Household Wealth in Freefall

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    Family wealth in the United States continues to take a beating as its housing market and financial markets suffer from the 16-month-and-running Bush recession. Household assets in our country dropped sharply after reaching an $81 trillion peak in June 2007. By the end of December 2008—the last full quarter for which data are available and one full year into the current recession—about $15 trillion in private family assets and wealth had evaporated.

    This is the sharpest relative wealth decline in more than 50 years. Between June 2007 and December 2008, inflation-adjusted personal wealth fell by 22.8 percent—the fastest decline since the Federal Reserve began collecting this information in 1952. And what a drop it was. The previous record for an 18-month decline in wealth—between March 1973 and September 1974 amid the first oil price crisis—was only 12 percent.

    Our financial markets and the U.S. housing market continue to plummet since the end of last year, which suggests that family wealth continues to decrease as well. This is an extremely serious crisis that deserves public policy attention. Private wealth serves critical functions in a free-market economy that relies heavily on individual initiative. Private wealth is the primary insurance against a range of economic risks.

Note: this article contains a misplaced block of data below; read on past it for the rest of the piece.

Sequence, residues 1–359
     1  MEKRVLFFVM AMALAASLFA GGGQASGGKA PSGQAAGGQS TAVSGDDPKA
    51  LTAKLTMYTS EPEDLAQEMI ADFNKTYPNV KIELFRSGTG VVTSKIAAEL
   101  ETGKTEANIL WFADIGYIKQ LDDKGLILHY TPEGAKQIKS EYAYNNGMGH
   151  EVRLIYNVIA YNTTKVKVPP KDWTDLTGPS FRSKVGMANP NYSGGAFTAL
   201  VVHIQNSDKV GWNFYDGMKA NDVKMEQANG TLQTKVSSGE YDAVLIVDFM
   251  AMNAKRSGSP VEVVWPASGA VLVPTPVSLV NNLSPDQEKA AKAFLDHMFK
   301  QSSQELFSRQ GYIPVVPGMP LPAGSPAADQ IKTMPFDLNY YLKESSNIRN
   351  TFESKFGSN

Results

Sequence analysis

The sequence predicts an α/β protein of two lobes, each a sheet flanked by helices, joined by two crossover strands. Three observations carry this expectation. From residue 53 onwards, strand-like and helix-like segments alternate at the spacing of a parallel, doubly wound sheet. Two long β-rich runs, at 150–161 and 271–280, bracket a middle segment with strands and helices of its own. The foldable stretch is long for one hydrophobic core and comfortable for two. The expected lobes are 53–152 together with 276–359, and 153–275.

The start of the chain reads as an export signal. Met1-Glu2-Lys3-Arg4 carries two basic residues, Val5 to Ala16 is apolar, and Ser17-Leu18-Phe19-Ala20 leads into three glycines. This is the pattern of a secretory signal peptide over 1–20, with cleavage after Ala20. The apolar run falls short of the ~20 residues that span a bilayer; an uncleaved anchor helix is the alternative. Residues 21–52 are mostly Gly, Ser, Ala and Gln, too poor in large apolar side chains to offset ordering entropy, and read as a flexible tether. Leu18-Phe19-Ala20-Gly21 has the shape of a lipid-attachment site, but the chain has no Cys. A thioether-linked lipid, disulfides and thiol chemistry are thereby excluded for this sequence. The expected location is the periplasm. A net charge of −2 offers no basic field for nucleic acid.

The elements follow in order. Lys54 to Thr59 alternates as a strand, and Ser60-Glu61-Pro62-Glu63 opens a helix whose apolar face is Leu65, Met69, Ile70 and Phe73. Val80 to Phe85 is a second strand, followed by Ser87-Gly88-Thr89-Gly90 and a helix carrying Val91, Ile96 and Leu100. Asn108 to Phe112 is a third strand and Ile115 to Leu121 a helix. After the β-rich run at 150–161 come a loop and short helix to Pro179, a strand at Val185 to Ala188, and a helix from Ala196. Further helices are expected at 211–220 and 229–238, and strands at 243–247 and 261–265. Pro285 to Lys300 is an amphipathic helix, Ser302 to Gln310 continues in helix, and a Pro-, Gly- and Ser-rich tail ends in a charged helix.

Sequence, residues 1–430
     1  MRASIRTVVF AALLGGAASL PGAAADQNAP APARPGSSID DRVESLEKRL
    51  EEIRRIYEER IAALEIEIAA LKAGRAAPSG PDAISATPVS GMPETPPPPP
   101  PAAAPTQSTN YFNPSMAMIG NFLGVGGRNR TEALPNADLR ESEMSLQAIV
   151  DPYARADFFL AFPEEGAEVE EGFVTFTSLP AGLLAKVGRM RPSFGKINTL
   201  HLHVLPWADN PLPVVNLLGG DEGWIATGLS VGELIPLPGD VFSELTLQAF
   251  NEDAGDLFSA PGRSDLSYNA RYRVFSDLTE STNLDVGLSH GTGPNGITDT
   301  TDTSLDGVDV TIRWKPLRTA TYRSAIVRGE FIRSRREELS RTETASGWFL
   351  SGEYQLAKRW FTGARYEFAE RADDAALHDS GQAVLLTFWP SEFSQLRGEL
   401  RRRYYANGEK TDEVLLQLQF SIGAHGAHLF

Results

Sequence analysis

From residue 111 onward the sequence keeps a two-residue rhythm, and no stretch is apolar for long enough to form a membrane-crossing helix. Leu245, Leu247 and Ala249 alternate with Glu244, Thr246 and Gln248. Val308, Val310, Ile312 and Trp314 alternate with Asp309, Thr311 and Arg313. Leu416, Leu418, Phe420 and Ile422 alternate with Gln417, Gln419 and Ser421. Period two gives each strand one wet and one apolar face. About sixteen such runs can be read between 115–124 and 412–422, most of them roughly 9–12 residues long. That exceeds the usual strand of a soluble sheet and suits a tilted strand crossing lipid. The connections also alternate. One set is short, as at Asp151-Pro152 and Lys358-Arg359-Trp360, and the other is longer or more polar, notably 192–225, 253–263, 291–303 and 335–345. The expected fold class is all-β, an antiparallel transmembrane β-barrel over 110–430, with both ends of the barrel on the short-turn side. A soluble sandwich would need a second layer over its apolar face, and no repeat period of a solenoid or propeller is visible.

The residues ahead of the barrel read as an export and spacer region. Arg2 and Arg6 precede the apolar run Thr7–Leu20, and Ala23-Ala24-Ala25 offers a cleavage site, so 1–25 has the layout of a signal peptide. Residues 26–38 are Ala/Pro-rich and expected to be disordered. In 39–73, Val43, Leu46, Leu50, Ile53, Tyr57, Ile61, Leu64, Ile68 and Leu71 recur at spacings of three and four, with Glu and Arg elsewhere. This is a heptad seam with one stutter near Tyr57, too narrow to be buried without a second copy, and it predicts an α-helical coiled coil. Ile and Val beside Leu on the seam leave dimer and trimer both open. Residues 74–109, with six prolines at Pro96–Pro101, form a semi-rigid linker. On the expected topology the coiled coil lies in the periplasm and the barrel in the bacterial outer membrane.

The more private wealth a typical family possesses, the less a family has to worry about the basic life necessities and can focus more on long-term economic growth. A family that has the basic necessities covered is better situated to send kids to college and to let them choose a degree that suits their abilities. With a store of private wealth, family members also can more easily switch jobs to match their particular skills. And a family with enough wealth is in a better position to let their creative spirits take hold and start a new business.

    In short, everyone in society wins when families have enough stored wealth to enable their members to gain more skills and apply those skills most effectively in their job or by starting a business.

    So how did we as a society allow such massive losses of wealth? And how can government policy help ensure that it doesn’t happen again? Let’s first consider some of the microeconomic causes of today’s private wealth crisis. First and foremost, price declines in housing and financial assets wreaked havoc on family wealth, but the losses might not have been so severe if the personal saving rate in the United States had not fallen to historic lows. Families simply did not prepare for the eventuality of bear markets by saving more.